React Without JSX

August 11, 2017

Misconceptions about React

The discourse around React would lead you to believe you need to get started with Babel, Webpack, source maps, and all kinds of complex tooling to use React, but you actually can drop React into any existing page pretty easily. It could be fully server-side rendered from Rails, a mix with jQuery in it, or even a front-end app written with another framework entirely.

The documentation on the React site won't lead you there, but it's a surprisingly simple route if you want to take it.

Minimal React "Hello World"


<!DOCTYPE html>
  <script src=""></script>
  <script src=""></script>
  <div id="react-root"></div>
  <script src="main.js"></script>


var R = React.createElement;

function App(props) {
  return R("div", {}, "Hello, world!");

var root = document.getElementById("react-root");
var app = R(App);
ReactDOM.render(app, root);

One more thing

React functional components like App are great because you don't need to use classes or mess around with the this keyword, but sometimes you do need actual state in your component. If you're targeting ES6-enabled browsers, you can natively use ES6 classes:

class App extends React.Component {
  render() {
    // ...

Or you can use the old helper function React.createClass:

var App = React.createClass({
  render: function() {
    // ...

How does it scale?

You might be wondering how this style looks if you scale it up to a larger application. Well, I've written a React app without JSX once, and honestly it looked even nicer than with JSX, I think.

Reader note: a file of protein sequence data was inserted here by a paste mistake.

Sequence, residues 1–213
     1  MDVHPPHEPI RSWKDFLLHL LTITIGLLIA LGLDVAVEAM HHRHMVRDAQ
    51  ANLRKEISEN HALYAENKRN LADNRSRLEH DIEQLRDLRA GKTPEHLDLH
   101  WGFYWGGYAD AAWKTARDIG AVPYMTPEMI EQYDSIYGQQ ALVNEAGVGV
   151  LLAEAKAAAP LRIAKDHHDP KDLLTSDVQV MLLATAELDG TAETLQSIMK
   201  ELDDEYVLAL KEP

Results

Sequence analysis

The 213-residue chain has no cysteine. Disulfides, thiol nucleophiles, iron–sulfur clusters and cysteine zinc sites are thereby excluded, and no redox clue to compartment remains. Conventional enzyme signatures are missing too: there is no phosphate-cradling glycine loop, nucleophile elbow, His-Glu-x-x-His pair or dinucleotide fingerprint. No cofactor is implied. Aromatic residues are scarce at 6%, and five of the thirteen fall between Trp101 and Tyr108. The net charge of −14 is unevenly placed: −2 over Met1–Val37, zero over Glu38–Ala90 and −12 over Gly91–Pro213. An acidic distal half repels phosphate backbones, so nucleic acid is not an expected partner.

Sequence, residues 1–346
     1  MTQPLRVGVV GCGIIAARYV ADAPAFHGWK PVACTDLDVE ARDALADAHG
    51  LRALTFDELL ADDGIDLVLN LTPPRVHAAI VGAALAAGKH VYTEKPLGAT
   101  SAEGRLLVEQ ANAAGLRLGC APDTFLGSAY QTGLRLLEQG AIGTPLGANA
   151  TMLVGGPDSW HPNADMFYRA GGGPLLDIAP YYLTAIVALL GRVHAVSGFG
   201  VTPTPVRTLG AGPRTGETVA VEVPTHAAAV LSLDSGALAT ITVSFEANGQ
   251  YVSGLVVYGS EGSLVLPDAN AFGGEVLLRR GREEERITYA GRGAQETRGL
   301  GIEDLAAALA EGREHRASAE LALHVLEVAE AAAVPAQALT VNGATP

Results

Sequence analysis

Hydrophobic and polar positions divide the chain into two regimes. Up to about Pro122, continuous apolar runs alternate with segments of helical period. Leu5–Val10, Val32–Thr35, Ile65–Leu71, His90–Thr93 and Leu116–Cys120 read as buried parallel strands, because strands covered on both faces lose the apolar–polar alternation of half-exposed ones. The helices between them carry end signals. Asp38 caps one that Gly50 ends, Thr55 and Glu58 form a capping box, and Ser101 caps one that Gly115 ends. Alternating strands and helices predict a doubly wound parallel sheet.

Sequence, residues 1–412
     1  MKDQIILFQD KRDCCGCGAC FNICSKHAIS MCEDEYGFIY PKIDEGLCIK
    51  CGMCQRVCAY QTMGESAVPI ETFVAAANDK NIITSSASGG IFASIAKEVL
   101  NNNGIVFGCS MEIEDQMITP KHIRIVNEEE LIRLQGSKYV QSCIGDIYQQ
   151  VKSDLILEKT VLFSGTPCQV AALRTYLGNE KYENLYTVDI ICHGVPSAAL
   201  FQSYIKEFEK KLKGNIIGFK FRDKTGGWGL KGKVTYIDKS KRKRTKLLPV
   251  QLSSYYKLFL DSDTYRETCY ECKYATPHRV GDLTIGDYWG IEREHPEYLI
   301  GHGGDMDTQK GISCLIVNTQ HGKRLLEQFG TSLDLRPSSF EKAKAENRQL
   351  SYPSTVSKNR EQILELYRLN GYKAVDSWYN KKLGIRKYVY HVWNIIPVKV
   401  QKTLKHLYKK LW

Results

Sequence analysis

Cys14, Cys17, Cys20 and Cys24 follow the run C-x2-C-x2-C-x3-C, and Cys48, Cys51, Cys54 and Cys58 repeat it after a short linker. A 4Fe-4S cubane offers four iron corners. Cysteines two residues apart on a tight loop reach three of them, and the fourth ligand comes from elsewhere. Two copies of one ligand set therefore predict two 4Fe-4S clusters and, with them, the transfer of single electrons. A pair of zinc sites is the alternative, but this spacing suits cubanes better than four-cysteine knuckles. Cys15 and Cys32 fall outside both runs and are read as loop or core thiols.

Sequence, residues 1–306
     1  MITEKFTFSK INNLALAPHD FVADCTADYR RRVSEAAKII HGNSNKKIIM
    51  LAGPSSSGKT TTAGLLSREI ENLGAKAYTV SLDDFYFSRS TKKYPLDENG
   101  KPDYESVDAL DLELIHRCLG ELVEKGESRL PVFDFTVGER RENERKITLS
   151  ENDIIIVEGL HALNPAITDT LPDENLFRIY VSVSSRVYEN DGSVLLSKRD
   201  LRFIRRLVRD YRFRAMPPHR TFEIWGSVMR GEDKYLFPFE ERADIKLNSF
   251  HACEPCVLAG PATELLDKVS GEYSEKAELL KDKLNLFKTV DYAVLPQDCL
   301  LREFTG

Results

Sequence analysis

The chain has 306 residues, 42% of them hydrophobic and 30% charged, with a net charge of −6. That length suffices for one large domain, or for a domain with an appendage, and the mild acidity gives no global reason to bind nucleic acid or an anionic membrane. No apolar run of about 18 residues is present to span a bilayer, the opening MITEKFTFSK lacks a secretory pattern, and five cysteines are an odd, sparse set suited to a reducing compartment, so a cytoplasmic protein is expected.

To keep things readable, here's a simplified example:

var R = React.createElement;

function TextScreen(props) {
  return R("div", {},
    "Here's some text to read!",
    R("button", {
      className: "btn btn-large",
      onClick: function(event) {
    }, "Next")


If you can use ES6 in your app, things end up looking even nicer than JSX code since you can grab all your props in the argument list and write { className: className } as simply { className }. Also, it helps to break things up with variables, something I don't see a lot of in React code with JSX.

const R = React.createElement;

function TextScreen({ goNext }) {
  function onClick(event) {
  const className = "btn btn-large";
  const text = "Next";
  const mainButton = R("button", {className, onClick}, text);
  return R("div", {}, "Here's some text to read!", mainButton);

It doesn't look like HTML!

The main problem with this is it doesn't look like HTML any more. But in my mind, that's a good thing. It's easier to type this way, faster to read, and you don't have to worry about tools that don't know how to process JSX.

Shrug "emoji"

It may not be for you, and frankly the ship has kinda already sailed and JSX is super popular, but it's worth mentioning that code can look really good without it. Hope you enjoyed seeing simpler route React offers.

NOTE: I'm well aware of the many reasons to use bundlers and build tooling, and frequently make use of them myself. I just figured it was worth mentioning that you don't have to use them.